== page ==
I am humbled to be named with these women. Deeply humbled. But the message is bigger than that — those who ignore, or worse, ridicule and smear the messenger do so at great risk to themselves, our nation, our freedom.
I run all the ugly stuff, it’s a lovely change to run the beautiful.
Read more at http://www.wnd.com/2015/06/we-ignored-3-brave-women/#EZsKqIlhYo8zqLt7.99
Do you have any heroes? Is there anyone you look at and say, “I wish I had their courage – their determination – their willingness to put everything on the line supporting their beliefs”?
It’s nearly impossible today to find people who fit that definition.
Hero worship has been watered down to athletic ability and celebrity, mostly manufactured by slick PR firms.
If you doubt it, just ask your children who their heroes are. Then again, don’t ask.
There are three women I regard as heroes, and their courage relates to an issue facing all of us today.
I hesitate to call them a “trinity for freedom,” yet it fits them.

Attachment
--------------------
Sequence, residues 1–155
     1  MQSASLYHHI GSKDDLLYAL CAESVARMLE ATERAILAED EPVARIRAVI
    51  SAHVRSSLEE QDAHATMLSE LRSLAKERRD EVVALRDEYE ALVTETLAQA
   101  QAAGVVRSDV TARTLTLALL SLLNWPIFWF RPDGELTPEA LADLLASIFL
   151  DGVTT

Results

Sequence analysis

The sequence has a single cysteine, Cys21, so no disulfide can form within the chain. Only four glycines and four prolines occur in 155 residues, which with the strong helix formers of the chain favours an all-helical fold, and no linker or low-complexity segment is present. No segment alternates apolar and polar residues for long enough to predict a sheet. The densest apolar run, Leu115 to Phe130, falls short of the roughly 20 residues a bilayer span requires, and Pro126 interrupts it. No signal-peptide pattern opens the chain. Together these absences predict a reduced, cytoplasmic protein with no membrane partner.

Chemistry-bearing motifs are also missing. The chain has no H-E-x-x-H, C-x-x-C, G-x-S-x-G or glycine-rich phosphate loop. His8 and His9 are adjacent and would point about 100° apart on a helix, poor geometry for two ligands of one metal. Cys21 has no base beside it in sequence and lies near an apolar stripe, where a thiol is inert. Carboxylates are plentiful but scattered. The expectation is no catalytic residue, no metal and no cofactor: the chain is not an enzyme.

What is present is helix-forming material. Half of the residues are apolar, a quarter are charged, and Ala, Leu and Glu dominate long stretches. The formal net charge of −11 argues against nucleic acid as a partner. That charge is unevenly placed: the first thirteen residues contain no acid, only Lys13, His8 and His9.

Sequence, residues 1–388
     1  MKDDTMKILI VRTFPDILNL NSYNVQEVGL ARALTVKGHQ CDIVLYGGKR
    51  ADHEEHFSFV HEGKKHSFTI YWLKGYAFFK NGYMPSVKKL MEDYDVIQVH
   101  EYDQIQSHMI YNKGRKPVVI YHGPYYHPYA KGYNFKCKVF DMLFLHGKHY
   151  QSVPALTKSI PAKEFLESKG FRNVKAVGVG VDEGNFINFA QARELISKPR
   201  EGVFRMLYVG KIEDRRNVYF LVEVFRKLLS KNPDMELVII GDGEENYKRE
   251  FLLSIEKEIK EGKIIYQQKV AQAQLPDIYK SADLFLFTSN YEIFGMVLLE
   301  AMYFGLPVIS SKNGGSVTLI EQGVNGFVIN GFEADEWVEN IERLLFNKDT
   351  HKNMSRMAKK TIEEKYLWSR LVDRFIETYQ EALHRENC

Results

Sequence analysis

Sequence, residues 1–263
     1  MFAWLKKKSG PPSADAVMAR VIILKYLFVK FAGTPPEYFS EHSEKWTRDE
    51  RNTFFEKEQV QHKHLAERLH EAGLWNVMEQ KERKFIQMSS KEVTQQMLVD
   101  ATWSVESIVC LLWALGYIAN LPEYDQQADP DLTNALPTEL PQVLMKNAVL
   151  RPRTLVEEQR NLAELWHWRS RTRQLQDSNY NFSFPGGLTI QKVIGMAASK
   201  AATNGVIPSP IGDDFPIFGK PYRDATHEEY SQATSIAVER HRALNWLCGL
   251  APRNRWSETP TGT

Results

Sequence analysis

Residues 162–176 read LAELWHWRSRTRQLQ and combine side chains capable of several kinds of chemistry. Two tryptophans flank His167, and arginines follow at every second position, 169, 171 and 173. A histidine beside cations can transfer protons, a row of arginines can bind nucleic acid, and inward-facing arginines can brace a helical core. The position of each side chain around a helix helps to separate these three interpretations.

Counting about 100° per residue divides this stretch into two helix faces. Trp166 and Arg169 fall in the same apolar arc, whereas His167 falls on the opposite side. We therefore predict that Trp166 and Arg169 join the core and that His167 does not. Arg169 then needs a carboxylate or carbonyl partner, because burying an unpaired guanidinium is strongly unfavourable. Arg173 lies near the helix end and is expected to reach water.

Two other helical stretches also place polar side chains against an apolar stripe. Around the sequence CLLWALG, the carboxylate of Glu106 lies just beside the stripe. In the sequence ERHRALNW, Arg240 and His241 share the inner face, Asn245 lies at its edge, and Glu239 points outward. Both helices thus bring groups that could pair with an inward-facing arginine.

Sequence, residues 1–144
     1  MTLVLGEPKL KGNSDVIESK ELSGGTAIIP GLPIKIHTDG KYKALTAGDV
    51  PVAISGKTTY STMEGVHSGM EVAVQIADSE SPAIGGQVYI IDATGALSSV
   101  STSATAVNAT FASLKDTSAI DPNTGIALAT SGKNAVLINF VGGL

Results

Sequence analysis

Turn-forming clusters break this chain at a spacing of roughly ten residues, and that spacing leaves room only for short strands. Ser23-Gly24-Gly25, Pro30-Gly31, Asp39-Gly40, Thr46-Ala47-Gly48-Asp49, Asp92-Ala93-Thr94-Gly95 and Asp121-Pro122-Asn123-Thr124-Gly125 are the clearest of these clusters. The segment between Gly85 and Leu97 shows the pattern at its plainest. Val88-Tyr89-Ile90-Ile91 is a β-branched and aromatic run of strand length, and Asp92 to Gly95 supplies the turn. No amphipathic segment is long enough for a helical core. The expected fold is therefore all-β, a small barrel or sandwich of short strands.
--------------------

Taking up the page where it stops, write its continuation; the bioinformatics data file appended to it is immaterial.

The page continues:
They’re an odd mix. A sexy French movie star, a gritty Italian journalist who grew up fighting in the resistance during World War II and an American Jew who puts her life on the line by focusing on threats to our freedom.
What they have in common is having had the foresight to see the imminent threat to the free world by the spread of militant Islam into the West and the courage to speak and write about it, despite the consequences.
Do you know who I’m talking about? Likely not, but I’ve been aware of their travails and battles, have written about them and in two instances, had the distinct honor to have talked with them personally: Brigitte Bardot, Oriana Fallaci and Pamela Geller.
Movie fans from the ’50s through the ’70s know her as the amazing “sex kitten.” The beautiful French blonde smashed into the international consciousness with the movie, “And God Created Woman.” Her sensuous body, gorgeous blond hair and sexy pout drew thousands into theatres and sold millions of magazines.